And ours too, the Ottoman Empire, disappeared in a terrible way. The Austro-Hungarian Empire was torn to pieces by the Treaty of Versailles that ended World War I. The partitioning of the Austro-Hungarian Empire was carried out in the most unfair and revanchist way possible. German-speaking populations of the empire were scattered among newly created states. The situation of Austria, reduced only to Vienna, Salzburg, Graz, Linz and environs, was dreadful. Vienna, a very old, imperial capital, populated with imperial civil servants and immense administration buildings and palaces, was left bloodless. Generations of civil servants were left without jobs as people died of hunger and poverty among the shambles the bygone empire.
Austrian identity was forged through the ultra-nationalistic political movement of Engelbert Dollfuss, but ultimately it was totally swallowed by Nazi ideology, whose führer was Austrian himself. It did not have the strength or the numbers to forge a viable alternative to the reunion of all German peoples – the Anschluss took care of what was left of Austrian identity.
The aftermath of the World War II was not really a salvation for Austria, whose invasion by the Red Army ended only 11 years after the end of the war. In exchange, a policy of neutrality was imposed on Austria, together with a much-decentralized administrative system as in Germany, to avoid the formation of strong central governance.
Over time, Austria got rid of the neutrality straightjacket with the disappearance of the Soviet Union and it joined the EU. Beforehand, under the wise leadership of Bruno Kreisky, it was an example of progressive external policy to other European countries.
The political scenery unfortunately totally changed over the years, especially with the advent of an extreme right under the leadership of Jörg Heider, who died in a car accident. Since then, the far-right Freedom Party of Austria (FPÖ) has become a political force of significance. Recently, elections saw the FPÖ become the third- largest political force, almost at the same level as the historic Social Democratic Party (SPD). They are now in the government led by Sebastian Kurz, a specimen of the young politicians with different ideological backgrounds who are skyrocketing in a number of other European countries. Their common denominator is to get rid of taboos in domestic and external relations. In France and Italy, and to some degree in Greece, these new leaderships gave interesting and positive results. But not in Austria.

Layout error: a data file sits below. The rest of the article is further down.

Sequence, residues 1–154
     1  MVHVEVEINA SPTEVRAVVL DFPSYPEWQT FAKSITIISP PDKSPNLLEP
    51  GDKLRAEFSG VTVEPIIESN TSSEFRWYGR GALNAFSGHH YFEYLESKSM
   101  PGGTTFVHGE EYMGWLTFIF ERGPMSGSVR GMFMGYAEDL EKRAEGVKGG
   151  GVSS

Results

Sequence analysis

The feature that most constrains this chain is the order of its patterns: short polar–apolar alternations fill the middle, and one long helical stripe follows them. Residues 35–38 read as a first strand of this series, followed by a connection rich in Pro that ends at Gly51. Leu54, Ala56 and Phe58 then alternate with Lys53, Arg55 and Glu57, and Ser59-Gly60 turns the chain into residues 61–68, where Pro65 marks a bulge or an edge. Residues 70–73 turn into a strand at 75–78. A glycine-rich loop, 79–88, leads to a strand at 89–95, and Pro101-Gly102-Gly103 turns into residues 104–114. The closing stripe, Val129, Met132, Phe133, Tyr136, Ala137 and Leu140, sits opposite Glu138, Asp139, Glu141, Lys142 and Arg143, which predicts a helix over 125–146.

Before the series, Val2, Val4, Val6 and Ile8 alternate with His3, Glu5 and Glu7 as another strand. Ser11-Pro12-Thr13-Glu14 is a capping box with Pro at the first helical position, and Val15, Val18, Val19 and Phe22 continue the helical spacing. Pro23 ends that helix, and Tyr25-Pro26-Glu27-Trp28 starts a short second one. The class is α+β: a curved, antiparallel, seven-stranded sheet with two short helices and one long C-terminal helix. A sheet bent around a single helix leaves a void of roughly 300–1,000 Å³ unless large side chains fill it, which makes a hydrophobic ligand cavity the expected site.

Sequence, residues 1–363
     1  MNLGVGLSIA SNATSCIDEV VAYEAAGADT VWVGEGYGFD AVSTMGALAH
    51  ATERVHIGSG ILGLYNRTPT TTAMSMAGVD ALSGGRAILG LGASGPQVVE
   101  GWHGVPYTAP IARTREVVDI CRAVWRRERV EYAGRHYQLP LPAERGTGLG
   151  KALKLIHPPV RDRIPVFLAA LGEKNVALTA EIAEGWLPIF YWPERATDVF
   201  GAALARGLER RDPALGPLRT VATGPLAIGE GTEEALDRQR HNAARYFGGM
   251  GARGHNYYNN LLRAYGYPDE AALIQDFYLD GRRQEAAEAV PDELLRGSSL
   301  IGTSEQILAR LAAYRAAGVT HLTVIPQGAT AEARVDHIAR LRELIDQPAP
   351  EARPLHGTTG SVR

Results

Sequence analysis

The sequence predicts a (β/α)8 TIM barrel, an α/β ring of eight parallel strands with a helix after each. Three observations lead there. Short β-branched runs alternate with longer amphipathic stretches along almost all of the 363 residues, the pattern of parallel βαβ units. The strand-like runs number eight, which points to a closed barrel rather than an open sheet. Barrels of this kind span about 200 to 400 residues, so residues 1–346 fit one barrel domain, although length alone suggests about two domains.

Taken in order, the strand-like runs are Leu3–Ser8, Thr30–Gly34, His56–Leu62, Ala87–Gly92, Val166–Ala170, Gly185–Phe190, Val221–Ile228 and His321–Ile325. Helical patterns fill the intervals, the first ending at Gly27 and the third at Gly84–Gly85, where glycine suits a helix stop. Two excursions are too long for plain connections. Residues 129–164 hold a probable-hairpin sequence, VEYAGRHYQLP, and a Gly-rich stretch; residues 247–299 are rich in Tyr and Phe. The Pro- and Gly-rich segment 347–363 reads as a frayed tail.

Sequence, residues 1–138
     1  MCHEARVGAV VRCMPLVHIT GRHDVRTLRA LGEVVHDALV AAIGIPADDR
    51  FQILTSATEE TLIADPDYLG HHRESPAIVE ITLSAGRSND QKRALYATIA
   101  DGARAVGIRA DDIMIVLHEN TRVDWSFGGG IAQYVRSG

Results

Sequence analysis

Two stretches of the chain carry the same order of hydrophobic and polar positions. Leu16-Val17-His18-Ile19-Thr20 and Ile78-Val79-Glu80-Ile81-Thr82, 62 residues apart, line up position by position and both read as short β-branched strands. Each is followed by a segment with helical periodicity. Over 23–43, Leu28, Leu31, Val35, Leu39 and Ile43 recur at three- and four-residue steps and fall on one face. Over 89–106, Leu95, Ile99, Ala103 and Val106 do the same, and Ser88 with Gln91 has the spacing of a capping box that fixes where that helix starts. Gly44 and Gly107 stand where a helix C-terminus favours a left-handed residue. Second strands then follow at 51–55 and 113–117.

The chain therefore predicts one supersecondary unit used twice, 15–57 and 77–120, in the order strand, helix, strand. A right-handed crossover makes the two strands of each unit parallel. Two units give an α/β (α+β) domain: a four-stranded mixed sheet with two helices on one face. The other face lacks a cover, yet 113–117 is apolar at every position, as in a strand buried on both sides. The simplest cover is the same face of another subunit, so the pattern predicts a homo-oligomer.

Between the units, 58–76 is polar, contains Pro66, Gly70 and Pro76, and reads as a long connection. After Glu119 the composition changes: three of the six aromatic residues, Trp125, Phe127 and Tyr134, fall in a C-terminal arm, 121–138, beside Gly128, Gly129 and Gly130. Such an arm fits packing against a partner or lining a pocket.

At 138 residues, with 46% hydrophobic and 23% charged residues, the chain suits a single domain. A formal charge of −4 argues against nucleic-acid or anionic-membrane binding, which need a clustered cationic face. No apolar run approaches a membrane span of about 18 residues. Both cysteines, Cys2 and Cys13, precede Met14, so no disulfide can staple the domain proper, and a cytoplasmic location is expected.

The Austrian right and the extreme right found their scapegoat long ago in Turks. The very old, medieval rivalry between the Holy Roman Empire and the Ottoman Empire has been brought back. The coalition negotiations between Kurz and Christian Strache took place at Kahlenberg Hill, the place where in 1683 the last battle that ousted the Ottoman army from Vienna took place.
One of the first declarations of the new government was to suspend accession negotiations between Turkey and the EU. The response from Ankara came, blunt and piercing. There is no explanation for the declaration from the Austrian government to freeze the already frozen and moribund negotiations, reviving very old nationalism. This is very bad news for everyone in Europe. For the record, the FPÖ has received three key ministries, the Home Office, the Foreign Office and National Defense.
I had the opportunity to write about a common wound for both the Austro-Hungarian and Ottoman Empires – the Treaty of Versailles. I wrote a paragraph a few weeks ago that I would like to present here. The "Republic [of Turkey] owes its existence to the genius and political wisdom of Mustafa Kemal Atatürk, his Ottoman military and civilian colleagues' ability to forge a nation-state out of the remnants of a dead empire. They achieved this by breaking the nasty rules of the Versailles system, which was meant to implement the nefarious Sèvres Treaty. This was another miraculous and wise achievement. The administrative and military traditions of the old empire served its last descendants very well in coping with modernity."
It is obvious that the opportunity was lost for Austria and for Germany to break away from the Versailles system. Turkey managed to do so, even if the Lausanne Treaty created an institutional rivalry between Turkey and Greece. However, this was not the fault of the Turkish liberation movement vis-à-vis the infamous Treaty of Versailles. And it has nothing to do with the medieval rivalry between Emperor Karl V and Sultan Süleyman the Magnificent. Empires have gone, former imperial forces, in the knowledge that their empires will never come back, established the EU. Reviving old imperial wounds and dreams is a very bad idea for Austria and the whole of the EU.